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Genetic engineering of macrolide biosynthesis: Past advances, current state, and future prospects
- Genetic engineering of macrolide biosynthesis: Past advances, current state, and future prospects
- Park S.R.; Han A.R.; Ban Y.-H.; Yoo Y.J.; Kim E.J.; Yoon Y.J.
- Ewha Authors
- SCOPUS Author ID
- Issue Date
- Journal Title
- Applied Microbiology and Biotechnology
- vol. 85, no. 5, pp. 1227 - 1239
- SCI; SCIE; SCOPUS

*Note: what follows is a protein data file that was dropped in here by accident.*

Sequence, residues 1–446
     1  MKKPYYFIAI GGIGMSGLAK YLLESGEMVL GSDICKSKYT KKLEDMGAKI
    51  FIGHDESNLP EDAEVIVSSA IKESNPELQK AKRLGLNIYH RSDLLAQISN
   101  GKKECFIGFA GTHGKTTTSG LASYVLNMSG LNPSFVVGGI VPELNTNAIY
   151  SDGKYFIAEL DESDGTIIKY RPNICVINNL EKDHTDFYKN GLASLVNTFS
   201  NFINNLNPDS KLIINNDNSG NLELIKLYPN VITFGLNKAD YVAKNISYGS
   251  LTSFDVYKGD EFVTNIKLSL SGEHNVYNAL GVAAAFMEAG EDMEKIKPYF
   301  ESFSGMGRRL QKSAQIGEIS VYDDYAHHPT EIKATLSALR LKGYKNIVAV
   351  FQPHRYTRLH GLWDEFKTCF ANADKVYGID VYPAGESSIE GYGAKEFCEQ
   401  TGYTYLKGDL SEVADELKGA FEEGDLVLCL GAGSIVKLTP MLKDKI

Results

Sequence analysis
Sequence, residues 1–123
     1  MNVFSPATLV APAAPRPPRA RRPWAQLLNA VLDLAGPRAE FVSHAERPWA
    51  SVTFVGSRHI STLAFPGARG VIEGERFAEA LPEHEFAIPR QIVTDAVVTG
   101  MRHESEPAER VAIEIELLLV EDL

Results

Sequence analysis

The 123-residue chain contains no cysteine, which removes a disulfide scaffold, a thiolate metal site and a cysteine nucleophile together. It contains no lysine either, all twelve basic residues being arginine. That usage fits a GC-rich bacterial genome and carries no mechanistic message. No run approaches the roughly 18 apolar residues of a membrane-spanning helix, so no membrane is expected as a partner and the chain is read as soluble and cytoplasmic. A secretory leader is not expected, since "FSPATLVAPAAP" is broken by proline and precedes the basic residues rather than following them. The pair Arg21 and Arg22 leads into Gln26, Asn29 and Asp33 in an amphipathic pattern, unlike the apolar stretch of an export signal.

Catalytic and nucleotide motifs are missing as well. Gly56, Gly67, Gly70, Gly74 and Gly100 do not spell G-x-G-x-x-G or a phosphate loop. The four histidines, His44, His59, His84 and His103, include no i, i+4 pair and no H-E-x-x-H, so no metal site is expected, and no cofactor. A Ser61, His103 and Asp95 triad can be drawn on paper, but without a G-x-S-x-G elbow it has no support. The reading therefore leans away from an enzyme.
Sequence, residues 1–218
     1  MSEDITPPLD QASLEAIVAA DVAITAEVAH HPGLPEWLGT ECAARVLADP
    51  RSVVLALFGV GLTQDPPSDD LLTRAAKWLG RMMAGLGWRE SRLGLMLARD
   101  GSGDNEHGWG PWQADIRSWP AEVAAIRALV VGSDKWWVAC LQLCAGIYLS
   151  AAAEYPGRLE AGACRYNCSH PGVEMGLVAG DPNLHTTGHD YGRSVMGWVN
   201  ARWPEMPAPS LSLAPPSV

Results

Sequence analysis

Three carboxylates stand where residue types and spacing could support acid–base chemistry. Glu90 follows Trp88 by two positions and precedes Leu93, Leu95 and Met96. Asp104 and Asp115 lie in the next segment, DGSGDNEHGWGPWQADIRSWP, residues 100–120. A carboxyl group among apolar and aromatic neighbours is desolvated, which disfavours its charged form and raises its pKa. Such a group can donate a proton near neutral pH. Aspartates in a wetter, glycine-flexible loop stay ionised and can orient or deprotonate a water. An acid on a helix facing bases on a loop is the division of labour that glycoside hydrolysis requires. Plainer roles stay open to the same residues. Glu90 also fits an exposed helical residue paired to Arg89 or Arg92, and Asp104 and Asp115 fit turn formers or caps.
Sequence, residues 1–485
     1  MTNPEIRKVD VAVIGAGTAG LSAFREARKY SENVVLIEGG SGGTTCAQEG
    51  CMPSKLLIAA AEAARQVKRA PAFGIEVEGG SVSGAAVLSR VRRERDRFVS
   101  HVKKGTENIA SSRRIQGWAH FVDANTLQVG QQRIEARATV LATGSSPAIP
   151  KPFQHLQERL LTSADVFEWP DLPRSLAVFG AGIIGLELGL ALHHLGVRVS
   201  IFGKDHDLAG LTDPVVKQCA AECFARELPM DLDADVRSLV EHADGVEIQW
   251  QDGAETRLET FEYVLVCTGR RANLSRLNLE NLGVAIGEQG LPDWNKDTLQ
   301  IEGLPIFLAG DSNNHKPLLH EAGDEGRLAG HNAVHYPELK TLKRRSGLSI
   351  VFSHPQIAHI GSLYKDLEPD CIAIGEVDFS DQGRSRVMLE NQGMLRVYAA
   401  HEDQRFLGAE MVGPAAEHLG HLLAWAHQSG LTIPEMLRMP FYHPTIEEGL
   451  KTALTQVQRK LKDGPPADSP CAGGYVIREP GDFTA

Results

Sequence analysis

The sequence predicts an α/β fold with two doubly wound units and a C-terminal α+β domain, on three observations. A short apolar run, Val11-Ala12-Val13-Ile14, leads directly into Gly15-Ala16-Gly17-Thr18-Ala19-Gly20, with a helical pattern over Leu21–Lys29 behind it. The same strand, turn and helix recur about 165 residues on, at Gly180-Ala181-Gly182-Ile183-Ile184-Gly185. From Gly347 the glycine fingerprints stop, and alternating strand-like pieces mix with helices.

- Polyketides comprise one of the major families of natural products. They are found in a wide variety of bacteria, fungi, and plants and include a large number of medically important compounds. Polyketides are biosynthesized by polyketide synthases (PKSs). One of the major groups of polyketides are the macrolides, the activities of which are derived from the presence of a macrolactone ring to which one or more 6-deoxysugars are attached. The core macrocyclic ring is biosynthesized from acyl-CoA precursors by PKS. Genetic manipulation of PKS-encoding genes can result in predictable changes in the structure of the macrolactone component, many of which are not easily achieved through standard chemical derivatization or total synthesis. Furthermore, many of the changes, including post-PKS modifications such as glycosylation and oxidation, can be combined for further structural diversification. This review highlights the current state of novel macrolide production with a focus on the genetic engineering of PKS and post-PKS tailoring genes. Such engineering of the metabolic pathways for macrolide biosynthesis provides attractive alternatives for the production of diverse non-natural compounds. Other issues of importance, including the engineering of precursor pathways and heterologous expression of macrolide biosynthetic genes, are also considered. © 2009 Springer-Verlag.
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